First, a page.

I had dinner with my friend Margaret and her husband, Howard, the other night–fried chicken at Farmshop since I know you want to know. And the chicken was good–so good, in fact, that I didn’t do what I normally do with fried chicken, which is eat the fried and leave the chicken. Dessert, however, a summer berry pudding, which is stale white bread drenched in macerated berries, was just okay: the bread wasn’t drenched enough, so you actually knew you were eating bread and let’s face it, nobody really wants to know they’re eating bread for dessert; plus, the berries weren’t strained so it was just Seed City.
“Did you like the dessert?” I asked Howard.
“It was fine,” he said. He’s nicer than I am, at least when it comes to pudding. “But it’s not really my thing.”
“So what’s your thing?” I asked. “Apple pie?” I pride myself on being a little bit psychic or intuitive, or maybe just a good guesser, so I was proud when Howard said, “Yes. That’s exactly right.” And then he said something that is sure to keep me busy for the next several weeks, and that is: “I can’t find a good apple pie in Los Angeles.”
I worked a summer in the Hamptons as the pie baker at what may be the most expensive food store on the planet, Loaves & Fishes. I went in never having made a crust in my life (“We’ll teach you,” they said, with almost palpable desperation four days before the start of the summer season), and by the end of the summer, I got to where I could put out 60 pies a day, with the crusts made in small batches, and two hours to spare. I also worked selling fruit from what is probably the premier apple farmer selling at the Union Square Greenmarket, Locust Grove Fruit Farms. In addition to a whole bunch of wonderful summer fruits, we sold 26 types of antique apples, and were the only farm then that sold quince, a fuzzy, aromatic fruit that some scholars believe was the variety that fell from the tree of knowledge, the original forbidden fruit. I earned seven dollars and hour, paid in cash, plus fruit, paid in fruit, so I took advantage of these unforbidden fruits to try to get me up around nine dollars an hour. In the fall, when berries and stone fruit were no more, I made apple bread, apple spice cake, apple sauce, baked apples, apple crisp, and of course, apple pie. I became, for a few seasons, such a guru of the apple (okay, so maybe I exaggerate) that customers would come on Saturdays to ask me what type to buy for what they were making, and other times they would bring in the fruits of their fruit labors for me to try. So when Howard made that comment about the apple pie, of course I took it as a challenge. “I’m going to make you an apple pie that will make you happy,” I said.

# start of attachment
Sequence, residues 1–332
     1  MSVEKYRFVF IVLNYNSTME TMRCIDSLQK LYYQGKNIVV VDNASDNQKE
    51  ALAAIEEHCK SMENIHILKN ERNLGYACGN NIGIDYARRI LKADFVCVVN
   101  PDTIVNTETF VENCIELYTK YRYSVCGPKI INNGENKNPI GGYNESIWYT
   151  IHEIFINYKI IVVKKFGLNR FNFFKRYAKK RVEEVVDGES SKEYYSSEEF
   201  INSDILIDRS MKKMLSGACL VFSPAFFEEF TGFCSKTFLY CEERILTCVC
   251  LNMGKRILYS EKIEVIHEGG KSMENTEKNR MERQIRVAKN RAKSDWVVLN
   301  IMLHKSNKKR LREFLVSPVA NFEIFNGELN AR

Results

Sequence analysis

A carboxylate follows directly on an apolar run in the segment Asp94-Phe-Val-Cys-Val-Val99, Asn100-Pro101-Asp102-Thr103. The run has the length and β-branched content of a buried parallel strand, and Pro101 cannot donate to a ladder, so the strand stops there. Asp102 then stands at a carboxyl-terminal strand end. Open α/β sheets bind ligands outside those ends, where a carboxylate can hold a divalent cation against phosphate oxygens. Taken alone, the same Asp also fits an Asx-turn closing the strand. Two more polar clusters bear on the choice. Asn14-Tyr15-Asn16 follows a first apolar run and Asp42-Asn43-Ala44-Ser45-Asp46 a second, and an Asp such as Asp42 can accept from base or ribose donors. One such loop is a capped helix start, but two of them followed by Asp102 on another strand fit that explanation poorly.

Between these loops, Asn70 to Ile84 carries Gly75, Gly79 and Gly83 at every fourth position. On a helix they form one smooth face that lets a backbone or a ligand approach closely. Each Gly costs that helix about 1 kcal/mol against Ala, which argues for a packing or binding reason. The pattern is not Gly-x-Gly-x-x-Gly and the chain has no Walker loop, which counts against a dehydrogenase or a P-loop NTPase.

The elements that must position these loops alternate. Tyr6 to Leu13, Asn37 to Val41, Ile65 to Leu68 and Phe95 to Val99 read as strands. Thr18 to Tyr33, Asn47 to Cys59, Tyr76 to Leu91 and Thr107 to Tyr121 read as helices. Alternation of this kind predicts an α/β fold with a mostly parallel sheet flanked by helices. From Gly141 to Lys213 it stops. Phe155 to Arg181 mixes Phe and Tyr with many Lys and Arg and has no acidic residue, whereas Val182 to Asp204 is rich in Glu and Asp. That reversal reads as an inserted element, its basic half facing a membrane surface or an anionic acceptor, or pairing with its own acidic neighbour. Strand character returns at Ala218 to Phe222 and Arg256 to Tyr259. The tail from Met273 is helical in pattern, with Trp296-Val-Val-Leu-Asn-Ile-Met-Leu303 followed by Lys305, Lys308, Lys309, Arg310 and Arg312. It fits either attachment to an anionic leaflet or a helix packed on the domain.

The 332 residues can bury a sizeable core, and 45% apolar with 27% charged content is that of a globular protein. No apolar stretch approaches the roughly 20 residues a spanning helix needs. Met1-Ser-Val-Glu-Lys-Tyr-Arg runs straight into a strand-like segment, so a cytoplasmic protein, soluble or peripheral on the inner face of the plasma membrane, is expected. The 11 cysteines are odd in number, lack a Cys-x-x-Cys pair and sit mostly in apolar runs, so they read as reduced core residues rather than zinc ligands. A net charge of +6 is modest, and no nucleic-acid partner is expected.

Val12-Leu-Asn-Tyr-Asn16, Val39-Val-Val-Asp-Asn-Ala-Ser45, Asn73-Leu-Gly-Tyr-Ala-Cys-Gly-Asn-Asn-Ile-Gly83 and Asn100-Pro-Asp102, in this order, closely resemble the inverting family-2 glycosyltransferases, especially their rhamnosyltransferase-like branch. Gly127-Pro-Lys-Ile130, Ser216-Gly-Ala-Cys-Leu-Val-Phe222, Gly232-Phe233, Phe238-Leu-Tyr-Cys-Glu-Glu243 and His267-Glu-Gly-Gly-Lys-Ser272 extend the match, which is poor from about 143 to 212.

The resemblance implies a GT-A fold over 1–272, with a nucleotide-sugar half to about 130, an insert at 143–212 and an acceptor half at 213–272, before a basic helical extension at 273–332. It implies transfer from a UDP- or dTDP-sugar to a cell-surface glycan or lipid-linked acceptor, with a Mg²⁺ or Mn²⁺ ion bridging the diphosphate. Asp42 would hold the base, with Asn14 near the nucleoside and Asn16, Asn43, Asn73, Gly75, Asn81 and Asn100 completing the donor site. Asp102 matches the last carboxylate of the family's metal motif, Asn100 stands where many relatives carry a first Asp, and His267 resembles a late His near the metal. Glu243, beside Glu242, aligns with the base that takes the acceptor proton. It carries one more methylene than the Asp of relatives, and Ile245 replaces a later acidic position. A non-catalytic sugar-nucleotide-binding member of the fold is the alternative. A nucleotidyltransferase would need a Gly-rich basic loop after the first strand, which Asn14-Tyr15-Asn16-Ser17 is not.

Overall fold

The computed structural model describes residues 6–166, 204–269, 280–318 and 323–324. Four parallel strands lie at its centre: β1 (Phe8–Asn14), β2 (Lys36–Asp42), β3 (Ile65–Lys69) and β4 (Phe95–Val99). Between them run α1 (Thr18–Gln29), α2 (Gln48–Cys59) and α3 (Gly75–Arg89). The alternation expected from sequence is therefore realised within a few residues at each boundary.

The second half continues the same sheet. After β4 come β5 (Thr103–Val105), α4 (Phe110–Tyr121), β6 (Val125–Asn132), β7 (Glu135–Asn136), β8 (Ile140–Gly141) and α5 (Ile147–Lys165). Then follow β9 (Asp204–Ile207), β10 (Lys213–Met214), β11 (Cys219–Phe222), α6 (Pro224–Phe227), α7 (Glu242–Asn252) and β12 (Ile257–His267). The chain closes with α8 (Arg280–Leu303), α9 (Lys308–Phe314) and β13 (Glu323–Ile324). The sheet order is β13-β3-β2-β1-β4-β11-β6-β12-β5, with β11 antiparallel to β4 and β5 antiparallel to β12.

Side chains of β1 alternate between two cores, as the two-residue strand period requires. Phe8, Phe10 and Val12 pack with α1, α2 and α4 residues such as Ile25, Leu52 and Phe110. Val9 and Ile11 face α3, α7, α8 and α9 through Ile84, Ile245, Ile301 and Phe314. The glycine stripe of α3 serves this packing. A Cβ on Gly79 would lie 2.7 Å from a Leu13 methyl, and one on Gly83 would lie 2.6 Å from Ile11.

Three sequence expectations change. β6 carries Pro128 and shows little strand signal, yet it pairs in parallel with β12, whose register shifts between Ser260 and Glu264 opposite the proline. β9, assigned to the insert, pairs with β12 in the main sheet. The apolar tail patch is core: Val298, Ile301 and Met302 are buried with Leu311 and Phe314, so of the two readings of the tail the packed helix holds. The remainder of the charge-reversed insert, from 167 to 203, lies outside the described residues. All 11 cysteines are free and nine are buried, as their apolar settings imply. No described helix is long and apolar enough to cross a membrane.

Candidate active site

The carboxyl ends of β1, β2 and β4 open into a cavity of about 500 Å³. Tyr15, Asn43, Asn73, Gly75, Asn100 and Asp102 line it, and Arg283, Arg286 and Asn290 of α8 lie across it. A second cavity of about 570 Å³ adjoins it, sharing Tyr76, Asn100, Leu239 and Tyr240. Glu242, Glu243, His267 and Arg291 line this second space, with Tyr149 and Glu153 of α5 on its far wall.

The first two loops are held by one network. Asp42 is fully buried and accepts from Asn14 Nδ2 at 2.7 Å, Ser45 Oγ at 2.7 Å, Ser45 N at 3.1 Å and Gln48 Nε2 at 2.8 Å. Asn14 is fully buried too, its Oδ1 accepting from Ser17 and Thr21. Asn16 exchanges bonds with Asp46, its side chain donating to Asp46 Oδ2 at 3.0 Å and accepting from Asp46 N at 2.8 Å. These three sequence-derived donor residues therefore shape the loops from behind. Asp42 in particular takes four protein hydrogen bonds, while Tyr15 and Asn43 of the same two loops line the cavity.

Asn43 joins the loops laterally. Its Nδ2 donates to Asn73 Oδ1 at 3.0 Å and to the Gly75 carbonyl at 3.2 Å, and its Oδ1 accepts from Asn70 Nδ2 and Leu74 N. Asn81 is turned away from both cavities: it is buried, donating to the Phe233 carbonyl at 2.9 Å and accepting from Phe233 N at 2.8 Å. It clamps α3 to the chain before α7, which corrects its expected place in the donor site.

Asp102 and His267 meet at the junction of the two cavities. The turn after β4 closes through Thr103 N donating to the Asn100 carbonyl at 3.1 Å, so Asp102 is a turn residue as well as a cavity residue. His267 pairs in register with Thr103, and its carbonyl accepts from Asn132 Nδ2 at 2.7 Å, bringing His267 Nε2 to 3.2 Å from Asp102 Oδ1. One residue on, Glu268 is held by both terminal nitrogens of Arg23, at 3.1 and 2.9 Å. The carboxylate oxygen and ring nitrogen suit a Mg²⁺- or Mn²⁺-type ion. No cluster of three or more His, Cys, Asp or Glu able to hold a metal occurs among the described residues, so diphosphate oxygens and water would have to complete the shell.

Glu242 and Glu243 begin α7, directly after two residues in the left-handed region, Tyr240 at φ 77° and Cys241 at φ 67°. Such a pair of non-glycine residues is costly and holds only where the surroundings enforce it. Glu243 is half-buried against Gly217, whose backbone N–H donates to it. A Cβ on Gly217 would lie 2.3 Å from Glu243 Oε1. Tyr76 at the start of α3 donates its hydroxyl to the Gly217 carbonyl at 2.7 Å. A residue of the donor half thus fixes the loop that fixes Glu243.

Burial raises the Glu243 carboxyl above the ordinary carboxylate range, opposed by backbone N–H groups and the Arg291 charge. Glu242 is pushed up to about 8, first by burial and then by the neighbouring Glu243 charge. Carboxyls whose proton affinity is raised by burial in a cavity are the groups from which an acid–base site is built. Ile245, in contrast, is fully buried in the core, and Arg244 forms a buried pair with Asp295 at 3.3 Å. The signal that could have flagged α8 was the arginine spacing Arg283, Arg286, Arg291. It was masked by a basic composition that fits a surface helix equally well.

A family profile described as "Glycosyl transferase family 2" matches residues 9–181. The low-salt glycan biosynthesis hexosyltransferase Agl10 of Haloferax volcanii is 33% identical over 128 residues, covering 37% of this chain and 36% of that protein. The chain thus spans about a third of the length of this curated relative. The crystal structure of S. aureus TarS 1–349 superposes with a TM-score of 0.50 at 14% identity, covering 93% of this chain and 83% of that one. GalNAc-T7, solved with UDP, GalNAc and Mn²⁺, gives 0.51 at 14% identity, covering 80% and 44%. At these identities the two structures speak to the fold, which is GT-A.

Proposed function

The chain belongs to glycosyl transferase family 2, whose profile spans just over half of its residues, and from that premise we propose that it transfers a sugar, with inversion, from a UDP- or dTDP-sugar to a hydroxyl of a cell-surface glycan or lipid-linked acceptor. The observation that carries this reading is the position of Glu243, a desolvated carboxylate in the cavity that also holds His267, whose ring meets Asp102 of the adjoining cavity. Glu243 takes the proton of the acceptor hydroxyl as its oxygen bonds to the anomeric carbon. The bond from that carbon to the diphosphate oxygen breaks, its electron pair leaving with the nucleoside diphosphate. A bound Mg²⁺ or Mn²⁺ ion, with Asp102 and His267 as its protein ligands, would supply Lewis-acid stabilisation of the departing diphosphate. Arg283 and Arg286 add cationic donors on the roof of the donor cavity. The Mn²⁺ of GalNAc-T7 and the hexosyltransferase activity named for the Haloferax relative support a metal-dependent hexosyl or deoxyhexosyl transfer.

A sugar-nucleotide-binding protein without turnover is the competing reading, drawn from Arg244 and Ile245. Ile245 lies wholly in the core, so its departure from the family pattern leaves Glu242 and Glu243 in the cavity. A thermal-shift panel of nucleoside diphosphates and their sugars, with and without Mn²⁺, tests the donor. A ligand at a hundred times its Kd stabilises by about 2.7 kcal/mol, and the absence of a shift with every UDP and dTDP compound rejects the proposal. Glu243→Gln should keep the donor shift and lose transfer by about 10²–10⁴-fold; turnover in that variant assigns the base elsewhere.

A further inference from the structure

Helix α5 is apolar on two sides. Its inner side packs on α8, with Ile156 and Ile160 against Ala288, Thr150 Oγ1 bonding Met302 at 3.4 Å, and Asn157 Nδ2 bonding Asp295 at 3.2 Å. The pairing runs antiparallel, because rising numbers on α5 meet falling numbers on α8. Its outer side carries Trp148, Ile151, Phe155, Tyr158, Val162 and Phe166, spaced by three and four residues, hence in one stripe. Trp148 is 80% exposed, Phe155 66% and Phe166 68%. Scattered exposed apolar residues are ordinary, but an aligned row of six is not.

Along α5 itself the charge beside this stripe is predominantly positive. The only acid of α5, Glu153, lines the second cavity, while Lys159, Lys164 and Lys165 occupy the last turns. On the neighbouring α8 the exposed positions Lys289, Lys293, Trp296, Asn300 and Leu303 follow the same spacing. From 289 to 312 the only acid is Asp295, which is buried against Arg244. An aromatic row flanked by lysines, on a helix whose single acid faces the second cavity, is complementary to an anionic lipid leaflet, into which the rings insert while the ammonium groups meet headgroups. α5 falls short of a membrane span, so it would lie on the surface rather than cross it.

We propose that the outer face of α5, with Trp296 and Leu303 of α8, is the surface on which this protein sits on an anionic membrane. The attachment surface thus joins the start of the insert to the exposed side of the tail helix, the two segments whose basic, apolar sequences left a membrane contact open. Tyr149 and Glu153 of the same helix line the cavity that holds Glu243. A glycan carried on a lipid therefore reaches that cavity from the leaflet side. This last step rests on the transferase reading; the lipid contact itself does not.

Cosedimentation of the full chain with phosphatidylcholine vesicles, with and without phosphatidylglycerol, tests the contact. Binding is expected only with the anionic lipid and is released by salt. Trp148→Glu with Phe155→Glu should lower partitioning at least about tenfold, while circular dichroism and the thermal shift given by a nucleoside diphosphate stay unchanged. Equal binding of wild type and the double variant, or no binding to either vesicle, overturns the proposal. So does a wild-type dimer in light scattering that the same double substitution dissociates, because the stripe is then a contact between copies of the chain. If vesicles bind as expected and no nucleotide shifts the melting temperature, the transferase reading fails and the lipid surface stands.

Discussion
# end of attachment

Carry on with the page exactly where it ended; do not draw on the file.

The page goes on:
“Many people have walked before you,” Margaret warned me. “I think Nancy even walked before you,” she added, referring to Nancy Silverton whose baked goods do have their fans.
I’ve started my research. I emailed my friend Bob Blumer who won third place in a Vermont apple pie baking contest a couple years back for his TV show, Glutton for Punishment. (He gave me his recipe, which includes bacon fat in the pie crust!) I asked Nancy what she does to elevate this humble American dessert: apple cider vinegar jelly and creme fraîche stirred into the apples. Both of which deviations beg the questions: Are we getting too fancy here? Have we lost our way?
Margaret tells me there are things Howard likes about the Costco apple pie, which I am willing to wager, without ever having seen or tasted one, contains neither apple cider vinegar jelly nor bacon fat. Margaret says I also need to try the slice they serve at Pasquale’s, the famous shoe repair place on San Vicente. A baking challenge that includes bacon fat, takes me to a shoe repair shop that specializes in Christian Louboutins, and that could also involve a road trip to the apple growing orchards of Tehachapi? This is why I do what I do—because as much as I’d like to be able to tell you otherwise, it certainly isn’t for the thousand dollar shoes.